GLOBAL - With soybean stocks in the US reported in the last week to be much lower than analysts expected and global demand still rising, it comes as no surprise that scientists are again exploring other protein sources for pig feeds. One of these is bacteria grown on methane - a reminder to some of us with long memories of the days when we were promised a plentiful supply of cheap protein by oil companies in the 1970s.
They say time flies when you are enjoying yourself! It feels like just a year or two but my career started in the animal feed industry almost exactly 35 years ago.
With my degree in agriculture, I joined as Technical Information Officer a feed premix company very few, if any, of you will remember – The Colborn Group – which was based in the UK and owned a handful of affiliates in other countries around the world.
Colborn's was, in fact, shortly to be acquired by Shell, the oil giant, making its first foray into animal nutrition – as was I.
Why was an oil giant interested in a feed company? The technology had been developed to produce a feed protein – which we then called single cell protein – from mineral oil and Shell was seeking both the expertise and contacts needed to market that Space-age material in diets for farm livestock.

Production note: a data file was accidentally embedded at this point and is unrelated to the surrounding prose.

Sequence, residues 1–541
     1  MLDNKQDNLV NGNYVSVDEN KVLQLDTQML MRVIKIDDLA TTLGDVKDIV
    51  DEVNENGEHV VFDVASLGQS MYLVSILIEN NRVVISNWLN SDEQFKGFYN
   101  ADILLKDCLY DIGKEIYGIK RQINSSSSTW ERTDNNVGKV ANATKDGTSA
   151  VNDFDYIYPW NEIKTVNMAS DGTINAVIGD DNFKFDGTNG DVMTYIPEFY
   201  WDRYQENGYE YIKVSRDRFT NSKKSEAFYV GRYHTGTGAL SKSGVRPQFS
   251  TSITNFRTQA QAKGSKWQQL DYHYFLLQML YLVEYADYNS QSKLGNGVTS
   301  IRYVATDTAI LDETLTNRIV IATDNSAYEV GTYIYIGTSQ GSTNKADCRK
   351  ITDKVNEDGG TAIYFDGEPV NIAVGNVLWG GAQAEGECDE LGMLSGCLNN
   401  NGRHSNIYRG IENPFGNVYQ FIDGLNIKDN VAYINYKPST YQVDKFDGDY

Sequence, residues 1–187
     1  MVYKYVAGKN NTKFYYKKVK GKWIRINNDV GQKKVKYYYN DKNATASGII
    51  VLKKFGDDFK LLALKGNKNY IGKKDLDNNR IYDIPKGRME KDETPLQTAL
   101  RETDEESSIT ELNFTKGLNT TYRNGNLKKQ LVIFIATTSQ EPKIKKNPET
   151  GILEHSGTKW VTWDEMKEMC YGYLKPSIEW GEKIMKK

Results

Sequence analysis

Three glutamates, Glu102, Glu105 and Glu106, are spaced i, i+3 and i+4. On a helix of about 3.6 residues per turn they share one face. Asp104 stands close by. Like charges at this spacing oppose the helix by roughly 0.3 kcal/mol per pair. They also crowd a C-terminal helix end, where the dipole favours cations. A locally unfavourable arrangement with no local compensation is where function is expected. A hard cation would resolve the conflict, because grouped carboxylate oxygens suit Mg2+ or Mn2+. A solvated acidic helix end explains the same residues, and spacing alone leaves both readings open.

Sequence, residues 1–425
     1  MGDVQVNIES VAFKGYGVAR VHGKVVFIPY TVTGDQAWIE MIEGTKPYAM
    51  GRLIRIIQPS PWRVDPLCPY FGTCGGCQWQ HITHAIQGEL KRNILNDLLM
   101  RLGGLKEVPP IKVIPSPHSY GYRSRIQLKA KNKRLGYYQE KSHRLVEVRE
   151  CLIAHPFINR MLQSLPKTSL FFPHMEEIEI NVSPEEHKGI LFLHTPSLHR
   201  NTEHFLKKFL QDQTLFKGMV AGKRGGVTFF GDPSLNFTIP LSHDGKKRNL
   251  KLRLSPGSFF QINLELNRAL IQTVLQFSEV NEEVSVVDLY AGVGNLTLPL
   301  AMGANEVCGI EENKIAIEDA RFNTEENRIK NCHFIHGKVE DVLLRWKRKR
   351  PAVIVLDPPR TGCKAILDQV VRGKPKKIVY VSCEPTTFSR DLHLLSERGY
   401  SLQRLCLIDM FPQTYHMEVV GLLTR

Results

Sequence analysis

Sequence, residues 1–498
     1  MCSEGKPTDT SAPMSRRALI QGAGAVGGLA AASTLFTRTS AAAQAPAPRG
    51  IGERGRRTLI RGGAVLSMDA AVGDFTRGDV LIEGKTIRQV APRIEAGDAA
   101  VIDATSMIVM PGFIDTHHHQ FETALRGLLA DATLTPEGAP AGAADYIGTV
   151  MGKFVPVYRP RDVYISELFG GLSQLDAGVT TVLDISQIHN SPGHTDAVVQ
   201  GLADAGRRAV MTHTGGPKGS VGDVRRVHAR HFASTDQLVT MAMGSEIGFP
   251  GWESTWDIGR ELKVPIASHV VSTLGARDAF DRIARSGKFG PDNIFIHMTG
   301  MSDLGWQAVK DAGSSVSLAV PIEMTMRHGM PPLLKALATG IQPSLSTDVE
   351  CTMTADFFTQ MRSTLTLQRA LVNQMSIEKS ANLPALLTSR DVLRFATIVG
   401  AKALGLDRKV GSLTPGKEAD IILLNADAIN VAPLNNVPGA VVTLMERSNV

At least one of its competitors had also developed a similar product and was also eyeing up the animal feed market around that time.
And then suddenly, the oil price rocketed up, single cell protein were all but forgotten about as feed ingredients and the industry identified more cost-effective proteins such as soybean meal on which many countries rely even today.
Shell – and I – have turned our attention in different directions over the last 35 years but people say "There's nothing new under the sun" and I was intrigued to read in the last week that Danish researchers are looking to bacteria as a sustainable soybean alternative for pigs.
Instead of mineral oils, the Danes using the greenhouse gas, methane, as the substrate for their new home-produced protein, turning it into pork instead of contributing to global warming.
Aarhus University is working with industry on the production of an innovative and environment-friendly protein feed for pigs to replace imported soybean meal, saying it is a possibility waiting just around the corner.
A professor at the University explained: "The global population is growing both in terms of numbers and wealth. That means a growing demand for meat. The growing demand also means an increasing demand for protein sources to feed the animals, which puts additional pressure on the environment and climate. Hence the need for new thinking."
The need to re-consider this technology and adapt it for the future is all the more pressing following the publication last week of the USDA 'Grain Stocks' report. Market analysts describe as "shockingly short" the year-end soybean stocks ahead of the new harvest, which will likely push prices up even further and add impetus to the search for alternative feed ingredients.
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